Generally speaking, in the last 20 years, there has been interest in Arab type and typography but also in Arab design at large. This is due to a generation searching for a new visual identity that represents their culture in a globalized world. Language and the way language looks is a reflection of identity. In the early ’90s and after the Lebanese war, new design programs developed in Lebanon and others in the region followed. This gave rise to young designers who were now exposed to, and forced to become part of, a global design culture. They had to find answers for new Arab visual representation and they are still developing solutions. Design is in our everyday and is at the forefront of this representation of local history and cultural heritage. We think that creative producers are the real cultural ambassadors of nations.
In Philip B. Meggs’ book A History of Graphic Design, he divides his chronology into stylistic manifestations. Do you see similar distinctions or any period styles?
We are still working on finding these patterns. We think that as we collect more data we will be able to trace more stylistic developments. But there were definitely waves linked to political and social events that led to an increase in creative production across the Arab world. During the 1920s till the ’50s and even ’60s for some countries, as Arab nations were decolonizing on the ground, artists and designers were looking for a new visual language that represented them and that was different from that of the colonizer. So there was a wave of historical visual references during that period, whether ancient Egyptian, Phoenician, Sumerian, or others. During the ’60s and the ’70s, as governments of nations like Egypt, Syria and Iraq started sending their artists to study at universities in Russia and Europe, they also came back with visual influences that were clear in their work. Some artists went to China during this time, and this had a lifelong influence on their work. We are still scratching the surface here, so we are hoping to find more threads as more data comes in.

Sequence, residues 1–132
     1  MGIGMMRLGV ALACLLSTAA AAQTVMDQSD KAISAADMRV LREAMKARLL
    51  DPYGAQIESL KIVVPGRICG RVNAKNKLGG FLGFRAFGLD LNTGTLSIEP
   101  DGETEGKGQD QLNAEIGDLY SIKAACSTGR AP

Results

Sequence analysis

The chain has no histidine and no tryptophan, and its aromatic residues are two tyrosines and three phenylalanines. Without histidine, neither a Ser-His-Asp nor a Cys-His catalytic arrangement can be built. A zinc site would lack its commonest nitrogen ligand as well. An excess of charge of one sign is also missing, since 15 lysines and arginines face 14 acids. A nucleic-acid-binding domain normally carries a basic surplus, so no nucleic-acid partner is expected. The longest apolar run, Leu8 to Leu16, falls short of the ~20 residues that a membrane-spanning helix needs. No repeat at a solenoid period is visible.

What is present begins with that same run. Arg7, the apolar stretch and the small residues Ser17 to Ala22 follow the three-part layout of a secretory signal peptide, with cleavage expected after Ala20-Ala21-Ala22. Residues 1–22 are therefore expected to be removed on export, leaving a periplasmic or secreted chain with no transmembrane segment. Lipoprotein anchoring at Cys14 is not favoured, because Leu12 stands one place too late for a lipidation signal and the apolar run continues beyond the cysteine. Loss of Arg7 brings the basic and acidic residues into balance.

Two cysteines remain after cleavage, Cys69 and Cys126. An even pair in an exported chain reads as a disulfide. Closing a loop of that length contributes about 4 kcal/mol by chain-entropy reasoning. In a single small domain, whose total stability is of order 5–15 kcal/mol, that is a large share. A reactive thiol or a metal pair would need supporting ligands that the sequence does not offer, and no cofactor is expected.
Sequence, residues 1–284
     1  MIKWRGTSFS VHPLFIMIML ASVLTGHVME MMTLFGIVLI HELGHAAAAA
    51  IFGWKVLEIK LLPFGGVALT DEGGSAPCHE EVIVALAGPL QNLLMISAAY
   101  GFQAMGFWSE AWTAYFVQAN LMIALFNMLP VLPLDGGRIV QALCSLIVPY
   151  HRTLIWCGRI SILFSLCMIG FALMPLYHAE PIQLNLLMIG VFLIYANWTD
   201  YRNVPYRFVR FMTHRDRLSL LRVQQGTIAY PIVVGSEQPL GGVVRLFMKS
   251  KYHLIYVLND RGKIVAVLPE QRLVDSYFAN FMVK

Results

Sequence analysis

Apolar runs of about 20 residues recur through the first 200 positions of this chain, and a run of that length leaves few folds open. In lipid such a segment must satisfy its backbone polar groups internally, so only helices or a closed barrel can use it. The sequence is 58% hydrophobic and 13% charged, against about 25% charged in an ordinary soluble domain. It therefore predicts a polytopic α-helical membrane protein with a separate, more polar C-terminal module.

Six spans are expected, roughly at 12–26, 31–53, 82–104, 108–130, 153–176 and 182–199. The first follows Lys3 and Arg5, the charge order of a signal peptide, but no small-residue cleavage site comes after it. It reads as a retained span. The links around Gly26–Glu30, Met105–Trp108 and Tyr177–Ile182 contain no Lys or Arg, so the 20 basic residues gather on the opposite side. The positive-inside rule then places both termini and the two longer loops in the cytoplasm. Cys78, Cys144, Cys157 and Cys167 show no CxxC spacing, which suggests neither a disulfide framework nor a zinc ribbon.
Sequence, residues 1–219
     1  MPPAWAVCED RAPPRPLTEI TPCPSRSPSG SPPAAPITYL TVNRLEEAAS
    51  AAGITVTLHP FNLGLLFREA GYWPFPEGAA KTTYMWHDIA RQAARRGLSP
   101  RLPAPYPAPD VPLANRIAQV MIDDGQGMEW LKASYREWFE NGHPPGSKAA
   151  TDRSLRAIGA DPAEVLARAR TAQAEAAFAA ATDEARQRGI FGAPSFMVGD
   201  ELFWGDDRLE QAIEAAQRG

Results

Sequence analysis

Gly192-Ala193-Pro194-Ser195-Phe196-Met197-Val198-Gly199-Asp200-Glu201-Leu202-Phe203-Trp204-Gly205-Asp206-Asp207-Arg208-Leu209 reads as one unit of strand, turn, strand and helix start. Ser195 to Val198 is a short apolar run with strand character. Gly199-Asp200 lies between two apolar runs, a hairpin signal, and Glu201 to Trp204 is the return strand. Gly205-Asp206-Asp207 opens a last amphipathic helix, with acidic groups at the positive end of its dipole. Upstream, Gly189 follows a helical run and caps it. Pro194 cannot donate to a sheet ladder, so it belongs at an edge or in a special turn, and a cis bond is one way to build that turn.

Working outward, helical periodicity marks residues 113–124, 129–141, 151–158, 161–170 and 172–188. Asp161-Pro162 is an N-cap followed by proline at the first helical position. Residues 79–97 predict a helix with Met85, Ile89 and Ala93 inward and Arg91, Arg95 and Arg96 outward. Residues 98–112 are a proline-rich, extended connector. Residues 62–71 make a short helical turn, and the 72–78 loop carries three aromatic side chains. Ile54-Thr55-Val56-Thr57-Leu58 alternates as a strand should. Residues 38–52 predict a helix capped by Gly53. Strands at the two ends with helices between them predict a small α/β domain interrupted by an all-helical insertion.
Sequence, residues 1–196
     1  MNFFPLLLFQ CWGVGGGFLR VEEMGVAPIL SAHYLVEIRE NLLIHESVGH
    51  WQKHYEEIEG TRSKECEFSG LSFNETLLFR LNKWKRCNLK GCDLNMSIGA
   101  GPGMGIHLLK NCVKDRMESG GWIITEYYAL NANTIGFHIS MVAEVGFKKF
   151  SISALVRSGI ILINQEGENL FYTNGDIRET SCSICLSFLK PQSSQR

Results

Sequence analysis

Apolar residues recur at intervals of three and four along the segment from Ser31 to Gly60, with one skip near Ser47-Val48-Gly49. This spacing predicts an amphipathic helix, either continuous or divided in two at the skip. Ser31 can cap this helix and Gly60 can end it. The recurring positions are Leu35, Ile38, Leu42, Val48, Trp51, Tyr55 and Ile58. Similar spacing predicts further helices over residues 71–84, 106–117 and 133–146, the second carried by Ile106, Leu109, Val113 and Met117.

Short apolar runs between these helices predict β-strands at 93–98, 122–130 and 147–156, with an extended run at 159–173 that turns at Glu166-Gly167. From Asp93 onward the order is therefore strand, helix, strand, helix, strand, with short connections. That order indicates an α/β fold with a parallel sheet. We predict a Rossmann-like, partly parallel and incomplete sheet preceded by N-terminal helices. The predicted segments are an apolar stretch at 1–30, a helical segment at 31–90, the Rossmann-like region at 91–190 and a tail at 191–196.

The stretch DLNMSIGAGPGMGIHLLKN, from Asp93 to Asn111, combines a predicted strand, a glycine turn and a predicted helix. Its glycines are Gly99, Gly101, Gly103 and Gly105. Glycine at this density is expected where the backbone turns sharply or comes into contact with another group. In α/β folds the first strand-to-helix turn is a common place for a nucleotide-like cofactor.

Is there an Arabic Modern, Postmodern, New Wave?
This is a trick question as it references art and design from the Arab world again through a Western lens. The debate is ongoing but we can safely say that as the world was developing ideas on Modernism, Postmodernism and other major movements, there were definitely Arab artists and designers who were reflecting on these same ideas in their work. In addition to that, there were local concerns that were beyond and different to what was being developed in the U.S. and Europe. As mentioned earlier, a search for an individual identity linked to heritage, whether ancient, Islamic, Coptic, and many others was ev